Summary of Public Review of draft National Framework for Canada’s Network of Marine Protected Areas

The Government of Canada is working with the provinces and territories to conserve Canada's marine ecosystems through the development of a National Network of Marine Protected Areas. Canada has the world's longest coastline, three oceans, the Great Lakes and a sea of Arctic ice - all of which support an elaborate web of marine life.

Marine protected areas are effective in protecting plants, animals and habitats as well as enhancing biodiversity and improving the health and sustainable use of our oceans, Great Lakes and coastlines, while also contributing to Canadian coastal communities and industries. Canada has almost 800 marine protected areas, which together protect about one percent of the marine environment. Existing and proposed marine protected areas provide the foundation for building the national network of marine protected areas, which will be composed of a number of bioregional networks of marine protected areas.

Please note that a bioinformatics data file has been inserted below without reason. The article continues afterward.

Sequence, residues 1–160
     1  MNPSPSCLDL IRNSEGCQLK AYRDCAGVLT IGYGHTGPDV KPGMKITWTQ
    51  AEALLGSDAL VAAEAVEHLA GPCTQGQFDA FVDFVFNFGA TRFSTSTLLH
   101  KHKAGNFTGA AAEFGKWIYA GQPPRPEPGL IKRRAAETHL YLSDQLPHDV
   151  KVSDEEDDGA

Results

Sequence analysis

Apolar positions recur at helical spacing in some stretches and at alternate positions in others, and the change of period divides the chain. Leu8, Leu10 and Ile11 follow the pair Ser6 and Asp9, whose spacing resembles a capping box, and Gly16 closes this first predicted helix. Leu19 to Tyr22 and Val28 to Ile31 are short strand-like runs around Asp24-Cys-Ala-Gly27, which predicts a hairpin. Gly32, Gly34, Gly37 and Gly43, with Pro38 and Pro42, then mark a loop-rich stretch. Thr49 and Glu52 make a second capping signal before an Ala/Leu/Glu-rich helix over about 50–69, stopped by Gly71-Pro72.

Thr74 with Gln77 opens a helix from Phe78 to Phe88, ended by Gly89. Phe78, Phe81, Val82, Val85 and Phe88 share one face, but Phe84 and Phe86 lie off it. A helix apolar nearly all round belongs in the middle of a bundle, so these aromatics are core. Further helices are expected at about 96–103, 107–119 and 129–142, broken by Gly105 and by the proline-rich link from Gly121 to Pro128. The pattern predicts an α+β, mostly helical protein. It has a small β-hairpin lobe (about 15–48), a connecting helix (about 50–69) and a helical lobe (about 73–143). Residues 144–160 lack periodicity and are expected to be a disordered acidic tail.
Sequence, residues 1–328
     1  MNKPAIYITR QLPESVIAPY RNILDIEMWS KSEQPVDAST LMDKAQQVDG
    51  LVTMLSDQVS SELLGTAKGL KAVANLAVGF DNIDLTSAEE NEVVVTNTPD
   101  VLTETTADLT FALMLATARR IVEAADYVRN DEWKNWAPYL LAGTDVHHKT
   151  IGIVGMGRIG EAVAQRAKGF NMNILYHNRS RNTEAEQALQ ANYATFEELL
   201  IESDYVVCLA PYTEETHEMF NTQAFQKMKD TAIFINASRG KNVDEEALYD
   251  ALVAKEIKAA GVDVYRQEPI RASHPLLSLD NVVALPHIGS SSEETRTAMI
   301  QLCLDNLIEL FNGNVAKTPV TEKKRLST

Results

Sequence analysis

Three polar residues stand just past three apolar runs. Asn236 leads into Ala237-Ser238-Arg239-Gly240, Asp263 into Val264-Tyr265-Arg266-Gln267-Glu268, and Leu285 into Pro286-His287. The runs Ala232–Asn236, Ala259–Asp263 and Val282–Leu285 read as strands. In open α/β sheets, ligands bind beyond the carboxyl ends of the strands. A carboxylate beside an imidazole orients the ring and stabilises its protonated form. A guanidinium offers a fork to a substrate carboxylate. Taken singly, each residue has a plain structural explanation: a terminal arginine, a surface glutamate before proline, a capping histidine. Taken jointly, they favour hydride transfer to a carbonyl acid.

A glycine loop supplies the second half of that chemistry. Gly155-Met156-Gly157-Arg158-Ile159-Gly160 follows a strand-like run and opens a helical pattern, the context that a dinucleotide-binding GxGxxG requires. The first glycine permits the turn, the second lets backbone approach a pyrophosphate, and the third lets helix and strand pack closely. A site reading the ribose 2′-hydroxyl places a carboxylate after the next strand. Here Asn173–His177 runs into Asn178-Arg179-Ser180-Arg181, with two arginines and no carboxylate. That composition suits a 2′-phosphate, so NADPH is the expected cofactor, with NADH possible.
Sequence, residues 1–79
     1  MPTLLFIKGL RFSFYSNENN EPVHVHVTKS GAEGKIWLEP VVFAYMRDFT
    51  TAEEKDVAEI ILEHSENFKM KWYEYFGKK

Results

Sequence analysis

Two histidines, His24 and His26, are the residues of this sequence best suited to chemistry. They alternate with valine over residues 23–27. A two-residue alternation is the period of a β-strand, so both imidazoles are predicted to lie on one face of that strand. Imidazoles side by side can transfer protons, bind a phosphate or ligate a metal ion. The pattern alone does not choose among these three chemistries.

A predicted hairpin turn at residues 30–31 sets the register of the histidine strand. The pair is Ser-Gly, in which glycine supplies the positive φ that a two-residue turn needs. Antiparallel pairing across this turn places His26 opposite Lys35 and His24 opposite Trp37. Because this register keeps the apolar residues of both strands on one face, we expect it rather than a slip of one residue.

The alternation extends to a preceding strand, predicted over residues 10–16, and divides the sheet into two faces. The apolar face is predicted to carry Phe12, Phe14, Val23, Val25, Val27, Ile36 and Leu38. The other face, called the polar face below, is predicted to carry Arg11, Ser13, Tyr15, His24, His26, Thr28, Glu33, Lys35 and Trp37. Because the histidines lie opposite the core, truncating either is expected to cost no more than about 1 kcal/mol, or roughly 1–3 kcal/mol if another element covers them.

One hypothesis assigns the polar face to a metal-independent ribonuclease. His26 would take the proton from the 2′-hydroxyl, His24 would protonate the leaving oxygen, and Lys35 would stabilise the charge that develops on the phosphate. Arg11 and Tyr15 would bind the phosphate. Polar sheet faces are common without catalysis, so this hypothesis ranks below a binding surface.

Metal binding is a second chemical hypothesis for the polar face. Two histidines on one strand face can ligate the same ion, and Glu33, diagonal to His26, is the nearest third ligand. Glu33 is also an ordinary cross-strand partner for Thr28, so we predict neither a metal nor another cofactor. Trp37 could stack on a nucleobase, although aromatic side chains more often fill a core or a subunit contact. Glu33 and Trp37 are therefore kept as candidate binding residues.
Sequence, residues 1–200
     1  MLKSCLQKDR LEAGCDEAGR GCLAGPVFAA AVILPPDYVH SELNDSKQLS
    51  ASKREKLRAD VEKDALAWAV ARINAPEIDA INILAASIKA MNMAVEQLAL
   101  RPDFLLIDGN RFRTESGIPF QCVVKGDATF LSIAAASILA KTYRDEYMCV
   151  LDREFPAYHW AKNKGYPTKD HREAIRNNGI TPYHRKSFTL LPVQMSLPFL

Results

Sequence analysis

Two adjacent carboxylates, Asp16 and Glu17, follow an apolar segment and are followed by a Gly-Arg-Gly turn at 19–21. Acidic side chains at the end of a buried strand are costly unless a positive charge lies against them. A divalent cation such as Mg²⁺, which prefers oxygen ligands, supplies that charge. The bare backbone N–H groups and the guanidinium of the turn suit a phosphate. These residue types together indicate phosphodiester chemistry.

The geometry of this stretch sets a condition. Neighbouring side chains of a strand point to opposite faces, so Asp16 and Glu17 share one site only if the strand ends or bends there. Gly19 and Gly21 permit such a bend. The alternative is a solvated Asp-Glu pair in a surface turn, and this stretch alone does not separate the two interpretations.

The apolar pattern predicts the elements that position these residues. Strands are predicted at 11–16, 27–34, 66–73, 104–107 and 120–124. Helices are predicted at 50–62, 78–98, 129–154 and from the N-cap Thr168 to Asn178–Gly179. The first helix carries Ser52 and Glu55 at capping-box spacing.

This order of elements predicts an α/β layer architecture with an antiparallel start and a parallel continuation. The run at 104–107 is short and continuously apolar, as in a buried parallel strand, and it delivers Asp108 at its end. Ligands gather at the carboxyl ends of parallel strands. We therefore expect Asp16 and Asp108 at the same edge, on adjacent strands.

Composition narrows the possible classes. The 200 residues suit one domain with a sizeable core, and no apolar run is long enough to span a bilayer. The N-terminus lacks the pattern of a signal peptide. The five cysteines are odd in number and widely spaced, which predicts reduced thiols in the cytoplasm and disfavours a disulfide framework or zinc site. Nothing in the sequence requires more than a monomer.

A draft National Framework for Canada's Network of Marine Protected Areas has been created to provide direction for the design of the national network of marine protected areas. The National Framework is an important step towards meeting Canada's domestic and international commitments to establish a national network of marine protected areas by 2012.

1. Notifications